ORIGIN OF THE SOUL
Dr. Steve Tracy
T 502, Fall 2008
Importance of this doctrine:
Abortion, reincarnation, cloning, reproductive technology, Mormonism all hinge on this doctrine
Plato taught the preexistence of the human soul as pure mind (nous) which was part of God, but by looking downward lost its divine fire and fell from God. This Greek influence was felt in the early church, and some of the Alexandrian church fathers, most notably Origen, affirmed the pre-existence of the human soul. Origen felt that the present human existence, with its moral and physical irregularities is best explained as punishment for sins which were committed in a previous existence of the soul.
Much more recently, Mormons have affirmed the preexistence of the soul, stating that God has sexual relations with a heavenly mother, and spirits are produced. These spirits are in the heavens waiting for an earthly body to inhabit (which is one of the main reasons they encourage Mormon couples to have large families). This heavenly pre-existence is called the "first estate" and according to LeGrand Richards it is "the life we lived in the spirit world before we were born [on earth]." Mormon theologians use Jer 1:5 ("before I formed you in the womb I knew you") to support the pre-existence of the soul (spirit). They also cite Job 38:7 which says that at creation "the morning starts sang together, and all the sons of God shouted for joy." This is said to refer to the spirits of men in their bodiless form before they were united with a body on earth.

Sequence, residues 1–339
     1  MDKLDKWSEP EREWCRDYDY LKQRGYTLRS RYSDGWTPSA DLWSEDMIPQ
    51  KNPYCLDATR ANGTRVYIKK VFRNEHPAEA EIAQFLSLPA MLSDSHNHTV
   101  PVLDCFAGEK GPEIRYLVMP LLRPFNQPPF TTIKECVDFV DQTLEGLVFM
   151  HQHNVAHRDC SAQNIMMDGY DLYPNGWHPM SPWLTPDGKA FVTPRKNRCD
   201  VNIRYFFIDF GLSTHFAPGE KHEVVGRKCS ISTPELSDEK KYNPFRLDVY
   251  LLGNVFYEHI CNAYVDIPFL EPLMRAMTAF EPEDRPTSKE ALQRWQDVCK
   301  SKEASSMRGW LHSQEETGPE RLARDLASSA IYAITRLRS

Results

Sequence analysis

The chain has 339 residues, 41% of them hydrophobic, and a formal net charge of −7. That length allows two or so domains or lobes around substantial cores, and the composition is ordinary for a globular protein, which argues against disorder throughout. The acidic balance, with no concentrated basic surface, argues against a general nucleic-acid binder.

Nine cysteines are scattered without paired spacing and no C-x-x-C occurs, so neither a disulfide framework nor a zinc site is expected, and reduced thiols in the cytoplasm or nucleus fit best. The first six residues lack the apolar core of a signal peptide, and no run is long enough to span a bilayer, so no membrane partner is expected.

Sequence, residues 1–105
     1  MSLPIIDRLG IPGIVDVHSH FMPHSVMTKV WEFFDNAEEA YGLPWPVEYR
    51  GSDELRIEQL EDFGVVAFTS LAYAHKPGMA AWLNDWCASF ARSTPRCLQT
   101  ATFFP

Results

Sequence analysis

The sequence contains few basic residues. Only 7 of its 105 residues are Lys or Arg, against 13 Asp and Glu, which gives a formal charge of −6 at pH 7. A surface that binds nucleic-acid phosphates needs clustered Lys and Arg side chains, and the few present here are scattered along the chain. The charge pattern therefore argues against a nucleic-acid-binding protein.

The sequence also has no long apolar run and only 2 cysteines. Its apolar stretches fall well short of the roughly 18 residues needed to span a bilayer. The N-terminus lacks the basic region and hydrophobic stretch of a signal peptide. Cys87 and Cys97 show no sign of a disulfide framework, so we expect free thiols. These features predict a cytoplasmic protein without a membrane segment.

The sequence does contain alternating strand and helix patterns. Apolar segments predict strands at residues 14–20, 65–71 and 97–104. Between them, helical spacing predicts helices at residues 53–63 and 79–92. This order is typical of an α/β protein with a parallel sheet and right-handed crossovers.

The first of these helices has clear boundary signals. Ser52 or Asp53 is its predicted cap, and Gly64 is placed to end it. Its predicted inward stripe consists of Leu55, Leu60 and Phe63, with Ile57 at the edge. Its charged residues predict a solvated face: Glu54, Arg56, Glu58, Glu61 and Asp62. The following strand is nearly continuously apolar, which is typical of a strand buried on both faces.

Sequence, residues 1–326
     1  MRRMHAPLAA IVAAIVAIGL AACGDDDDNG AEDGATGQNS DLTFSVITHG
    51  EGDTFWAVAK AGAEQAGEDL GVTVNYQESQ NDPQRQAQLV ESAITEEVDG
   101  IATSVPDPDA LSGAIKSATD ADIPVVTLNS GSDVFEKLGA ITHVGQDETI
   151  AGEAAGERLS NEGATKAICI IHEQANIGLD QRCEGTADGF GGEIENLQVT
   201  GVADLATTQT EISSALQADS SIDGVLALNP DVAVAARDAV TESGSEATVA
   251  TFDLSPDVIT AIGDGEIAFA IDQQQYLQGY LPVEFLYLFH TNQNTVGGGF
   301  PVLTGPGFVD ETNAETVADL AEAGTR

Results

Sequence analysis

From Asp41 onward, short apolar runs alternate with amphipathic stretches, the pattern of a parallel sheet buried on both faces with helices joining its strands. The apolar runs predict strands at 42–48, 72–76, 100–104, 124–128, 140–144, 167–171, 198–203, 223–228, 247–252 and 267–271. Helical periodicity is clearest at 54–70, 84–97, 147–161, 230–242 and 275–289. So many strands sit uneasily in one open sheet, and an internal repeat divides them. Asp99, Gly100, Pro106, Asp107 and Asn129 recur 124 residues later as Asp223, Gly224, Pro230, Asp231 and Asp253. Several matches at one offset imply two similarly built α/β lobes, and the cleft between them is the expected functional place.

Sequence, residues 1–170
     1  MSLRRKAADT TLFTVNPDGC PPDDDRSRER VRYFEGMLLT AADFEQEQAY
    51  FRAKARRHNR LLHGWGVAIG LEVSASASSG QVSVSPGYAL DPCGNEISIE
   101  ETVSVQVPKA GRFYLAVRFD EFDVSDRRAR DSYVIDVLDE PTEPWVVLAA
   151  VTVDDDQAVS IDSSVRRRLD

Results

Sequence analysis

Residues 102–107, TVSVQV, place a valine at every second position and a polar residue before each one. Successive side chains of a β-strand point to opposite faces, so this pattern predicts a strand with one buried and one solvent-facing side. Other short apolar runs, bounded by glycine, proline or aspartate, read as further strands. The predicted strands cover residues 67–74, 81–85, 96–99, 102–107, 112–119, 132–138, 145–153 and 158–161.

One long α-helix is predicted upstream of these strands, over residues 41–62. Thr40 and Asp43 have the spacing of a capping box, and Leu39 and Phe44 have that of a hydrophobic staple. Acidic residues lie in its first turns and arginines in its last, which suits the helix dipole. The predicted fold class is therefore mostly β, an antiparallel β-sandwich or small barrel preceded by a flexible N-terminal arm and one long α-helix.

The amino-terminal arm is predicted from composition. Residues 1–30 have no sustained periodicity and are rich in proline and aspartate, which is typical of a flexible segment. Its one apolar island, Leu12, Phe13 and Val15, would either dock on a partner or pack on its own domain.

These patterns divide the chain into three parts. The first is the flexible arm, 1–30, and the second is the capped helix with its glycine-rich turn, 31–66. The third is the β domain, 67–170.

There are several serious problems with the doctrine of the pre-existence of the soul:
-1. There is absolutely no biblical basis for this doctrine; it rests entirely on philosophical speculation. The texts cited by Mormons are easily explained as references to angels, or in the case of Jer 1:5, to the sovereign omniscience of God.
-2. Contrary to the biblical record, it makes the body unnecessary and almost accidental.
-3. It largely obliterates the distinctions between humans and angels.